Libyan City Buries 700 People Killed In Devastating Floods As 10,000 Are Reported Missing

(AP) — Libya’s eastern city of Derna has buried 700 people killed in devastating flooding and 10,000 were reported missing as rescue teams struggled to retrieve many more bodies from the horrific deluge, officials said Tuesday.

Mediterranean storm Daniel on Sunday night caused havoc and flash flooding in many towns in eastern Libya but the worst destruction was in Derna, where heavy rainfall and floods broke dams and washed away entire neighborhoods, authorities said.

“The situation is catastrophic,” said Othman Abduljaleel, the health minister in Libya’s eastern government. “The bodies are still lying on the ground in many parts (of the city). Hospitals are filled with bodies. And there are areas we have yet to reach.”

Authorities estimated earlier that as many as 2,000 people may have perished in Derna alone. The Ambulance and Emergency Authority, which coordinates search and rescue efforts, said Tuesday that about 2,300 people died in Derna but did not clarify what that figure was based on.

Emergency responders, including troops, government workers, volunteers and residents were digging through rubble to recover the dead. They also used inflatable boats to retrieve bodies from the water. Excavators and other equipment have yet to arrive in Derna.

Tamer Ramadan, Libya envoy for the International Federation of Red Cross and Red Crescent Societies, said 10,000 people were missing after the unprecedented flooding. Speaking to reporters at a UN briefing in Geneva via videoconference from Tunisia, he said the death toll was “huge” and expected to reach into the thousands in the coming days.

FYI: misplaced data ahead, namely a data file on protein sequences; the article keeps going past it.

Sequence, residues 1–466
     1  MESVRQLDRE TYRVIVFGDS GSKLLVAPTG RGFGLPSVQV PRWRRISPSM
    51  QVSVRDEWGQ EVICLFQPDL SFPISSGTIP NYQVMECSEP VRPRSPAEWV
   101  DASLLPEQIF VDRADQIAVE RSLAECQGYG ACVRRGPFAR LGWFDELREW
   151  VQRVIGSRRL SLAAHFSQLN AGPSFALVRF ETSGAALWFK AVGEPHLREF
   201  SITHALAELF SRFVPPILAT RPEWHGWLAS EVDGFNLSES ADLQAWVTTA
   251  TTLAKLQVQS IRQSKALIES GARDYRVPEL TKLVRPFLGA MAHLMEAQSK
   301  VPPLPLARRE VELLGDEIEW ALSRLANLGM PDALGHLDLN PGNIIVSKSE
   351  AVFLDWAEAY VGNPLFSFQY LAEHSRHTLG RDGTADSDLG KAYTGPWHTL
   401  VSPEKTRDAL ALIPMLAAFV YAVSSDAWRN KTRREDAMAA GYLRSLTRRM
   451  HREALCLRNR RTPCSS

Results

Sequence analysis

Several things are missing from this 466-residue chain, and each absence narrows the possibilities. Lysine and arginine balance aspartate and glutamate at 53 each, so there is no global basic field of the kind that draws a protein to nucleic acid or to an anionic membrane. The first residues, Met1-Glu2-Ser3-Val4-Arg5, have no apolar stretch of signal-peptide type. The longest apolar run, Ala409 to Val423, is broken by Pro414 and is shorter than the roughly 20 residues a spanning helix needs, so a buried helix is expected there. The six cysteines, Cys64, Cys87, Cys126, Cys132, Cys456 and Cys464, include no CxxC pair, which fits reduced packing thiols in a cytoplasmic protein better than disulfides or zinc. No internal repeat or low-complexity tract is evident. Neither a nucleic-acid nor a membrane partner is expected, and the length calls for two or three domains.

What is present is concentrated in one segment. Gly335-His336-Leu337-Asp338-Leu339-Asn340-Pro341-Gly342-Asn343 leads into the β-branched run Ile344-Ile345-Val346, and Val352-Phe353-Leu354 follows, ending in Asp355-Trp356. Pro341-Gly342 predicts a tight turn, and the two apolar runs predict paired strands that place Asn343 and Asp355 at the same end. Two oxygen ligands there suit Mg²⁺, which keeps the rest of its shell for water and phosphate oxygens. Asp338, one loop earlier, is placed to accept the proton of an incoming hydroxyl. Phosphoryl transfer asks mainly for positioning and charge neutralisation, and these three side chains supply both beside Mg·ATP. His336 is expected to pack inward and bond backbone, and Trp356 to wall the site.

Referring to Friday’s devastating earthquake in Morocco, on the other side of North Africa, Ramadan said the situation in Libya was “as devastating as the situation in Morocco.”

Ossama Hamad, prime minister of the eastern Libyan government, said that many of the missing were believed to have been carried away after two upstream dams burst. He said the devastation in Derna is far beyond the capabilities of his country.

After more than a decade of chaos, Libya remains divided between two rival administrations: one in the east and one in the west, each backed by different militias and foreign governments. The conflict has left the oil rich North African country with crumbling and inadequate infrastructure.

Derna was declared a disaster zone and more bodies were still under the rubble in the city’s neighbourhoods, or washed away to the sea, according to Abduljaleel, the health minister.